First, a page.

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  • Dog Days

    IT WAS THE WEEK BEFORE FIAC and tout de Paris was calm. Without much fanfare—but in the presence of the Instagramming French president Emmanuel Macron—the Picasso Museum took the lead by opening “Picasso 1932: An Erotic Year.”

    Imagine Donald Trump showing support for a museum! (Or a museum inviting him to see pictures that he wasn’t in.)

    Macron picked the right show. Though limited to one year, and basically one subject—amour—this has to be the most resonant exhibition on view in Paris. You think you’ve seen enough Picasso?

    Trust me, you haven’t.

    “I’ve never seen a lot of this!”

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  • Volcano Lovers

    THESE DAYS, most flights from New York to Iceland’s main airport are red-eyes that land just before dawn. The benefit, until the darkness lingers longer, is that you’re forced to reckon with the rocky landscape through an astonishing sunrise. Last weekend I watched that crimson blaze lift over mountains and slowly illuminate the treeless, moss-covered terrain as my bus puttered along a winding and empty highway to Reykjavik’s eighth edition of Sequences, a ten-day biennial spread out across the city. It was shocking.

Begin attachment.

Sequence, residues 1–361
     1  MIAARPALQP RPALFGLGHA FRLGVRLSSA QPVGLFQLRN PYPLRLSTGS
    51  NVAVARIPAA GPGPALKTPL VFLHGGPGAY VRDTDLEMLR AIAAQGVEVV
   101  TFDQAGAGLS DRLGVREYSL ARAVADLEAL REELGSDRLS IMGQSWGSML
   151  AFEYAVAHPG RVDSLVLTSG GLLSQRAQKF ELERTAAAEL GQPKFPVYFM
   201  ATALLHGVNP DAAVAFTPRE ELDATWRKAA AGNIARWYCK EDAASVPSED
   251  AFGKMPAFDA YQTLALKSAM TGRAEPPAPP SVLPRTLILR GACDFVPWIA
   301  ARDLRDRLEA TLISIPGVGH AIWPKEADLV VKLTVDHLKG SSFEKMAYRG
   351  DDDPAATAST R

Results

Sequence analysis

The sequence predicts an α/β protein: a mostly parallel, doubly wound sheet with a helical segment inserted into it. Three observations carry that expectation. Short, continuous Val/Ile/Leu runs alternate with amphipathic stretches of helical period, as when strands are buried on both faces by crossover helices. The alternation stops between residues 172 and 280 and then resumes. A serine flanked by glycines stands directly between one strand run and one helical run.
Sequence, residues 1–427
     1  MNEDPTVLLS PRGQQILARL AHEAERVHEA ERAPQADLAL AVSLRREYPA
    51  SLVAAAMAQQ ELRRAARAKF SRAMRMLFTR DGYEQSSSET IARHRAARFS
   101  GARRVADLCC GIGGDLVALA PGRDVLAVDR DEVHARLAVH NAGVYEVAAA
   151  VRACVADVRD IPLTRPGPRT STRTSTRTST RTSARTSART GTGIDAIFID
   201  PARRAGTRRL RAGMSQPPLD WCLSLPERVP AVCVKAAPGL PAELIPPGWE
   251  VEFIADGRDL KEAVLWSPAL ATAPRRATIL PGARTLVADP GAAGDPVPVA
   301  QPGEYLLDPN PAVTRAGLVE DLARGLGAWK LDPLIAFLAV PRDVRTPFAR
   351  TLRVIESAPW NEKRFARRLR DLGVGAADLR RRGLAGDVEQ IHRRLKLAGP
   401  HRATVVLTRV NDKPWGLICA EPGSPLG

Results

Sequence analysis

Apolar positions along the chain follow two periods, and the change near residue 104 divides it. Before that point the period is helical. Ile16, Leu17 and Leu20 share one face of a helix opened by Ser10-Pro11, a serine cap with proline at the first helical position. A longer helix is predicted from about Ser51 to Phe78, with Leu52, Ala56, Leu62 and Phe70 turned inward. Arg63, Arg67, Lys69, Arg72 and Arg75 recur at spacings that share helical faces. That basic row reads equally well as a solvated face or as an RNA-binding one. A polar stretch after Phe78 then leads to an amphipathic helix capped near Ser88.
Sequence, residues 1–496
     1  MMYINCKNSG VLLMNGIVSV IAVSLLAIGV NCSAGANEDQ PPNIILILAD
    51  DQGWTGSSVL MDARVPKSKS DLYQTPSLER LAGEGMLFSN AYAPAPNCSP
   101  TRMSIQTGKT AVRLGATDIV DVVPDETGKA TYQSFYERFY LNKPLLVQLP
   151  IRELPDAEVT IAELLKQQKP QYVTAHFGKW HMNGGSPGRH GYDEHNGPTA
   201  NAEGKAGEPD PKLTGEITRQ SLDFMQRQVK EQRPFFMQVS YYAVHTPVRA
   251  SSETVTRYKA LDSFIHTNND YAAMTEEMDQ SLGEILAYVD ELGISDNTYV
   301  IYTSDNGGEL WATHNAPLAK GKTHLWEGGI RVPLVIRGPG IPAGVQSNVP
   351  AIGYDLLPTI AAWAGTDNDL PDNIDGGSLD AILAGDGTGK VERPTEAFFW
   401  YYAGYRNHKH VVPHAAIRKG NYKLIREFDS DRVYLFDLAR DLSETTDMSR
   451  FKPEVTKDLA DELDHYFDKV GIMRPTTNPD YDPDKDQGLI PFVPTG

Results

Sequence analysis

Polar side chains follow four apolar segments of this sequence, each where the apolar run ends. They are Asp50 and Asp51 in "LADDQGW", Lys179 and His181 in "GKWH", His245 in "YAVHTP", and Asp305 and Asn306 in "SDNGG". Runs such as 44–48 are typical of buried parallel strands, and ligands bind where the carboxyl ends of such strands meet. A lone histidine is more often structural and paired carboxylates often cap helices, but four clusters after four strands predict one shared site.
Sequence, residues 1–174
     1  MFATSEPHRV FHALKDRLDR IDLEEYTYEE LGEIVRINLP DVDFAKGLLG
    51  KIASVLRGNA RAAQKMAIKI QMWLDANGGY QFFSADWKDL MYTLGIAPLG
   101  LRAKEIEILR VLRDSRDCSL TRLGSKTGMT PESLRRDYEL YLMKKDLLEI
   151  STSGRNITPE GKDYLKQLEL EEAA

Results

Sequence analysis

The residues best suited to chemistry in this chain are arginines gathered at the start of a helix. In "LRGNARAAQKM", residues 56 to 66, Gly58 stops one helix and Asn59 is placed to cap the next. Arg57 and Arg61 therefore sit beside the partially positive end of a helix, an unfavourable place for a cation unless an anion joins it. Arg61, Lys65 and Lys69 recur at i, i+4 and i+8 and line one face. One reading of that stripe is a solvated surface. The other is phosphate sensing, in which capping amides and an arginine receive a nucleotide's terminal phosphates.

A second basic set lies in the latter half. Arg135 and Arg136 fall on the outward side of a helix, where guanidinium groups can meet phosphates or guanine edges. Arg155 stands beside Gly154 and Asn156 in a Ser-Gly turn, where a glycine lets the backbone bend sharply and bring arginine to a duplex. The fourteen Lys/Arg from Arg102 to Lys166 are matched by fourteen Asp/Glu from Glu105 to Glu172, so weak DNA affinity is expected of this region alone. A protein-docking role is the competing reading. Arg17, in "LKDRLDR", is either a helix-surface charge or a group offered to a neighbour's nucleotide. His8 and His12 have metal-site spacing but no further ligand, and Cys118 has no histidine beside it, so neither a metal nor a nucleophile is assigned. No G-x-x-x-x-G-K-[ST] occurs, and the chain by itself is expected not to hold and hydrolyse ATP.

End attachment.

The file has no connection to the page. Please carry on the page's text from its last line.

Not so shocking: The show’s “honorary artist” was Joan Jonas, whose recent work

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  • Deep Frieze

    THE GREAT GIFT Frieze London bestowed on art aficionados this year was to propel them into galleries and museums.

    Not that Frieze itself didn’t offer benefits. Female artists were notable for their quantity and, in the case of a special section curated by Alison Gingeras, historical impact, as well as in-your-face pro-sex feminism. In the age of Trump the Aggressor, that’s risky business. It may not be entirely profitable business, but it is, at least, desirable.

    The fair also had an especially good program of talks put together by the estimable Ralph Rugoff, director of the Hayward Gallery, who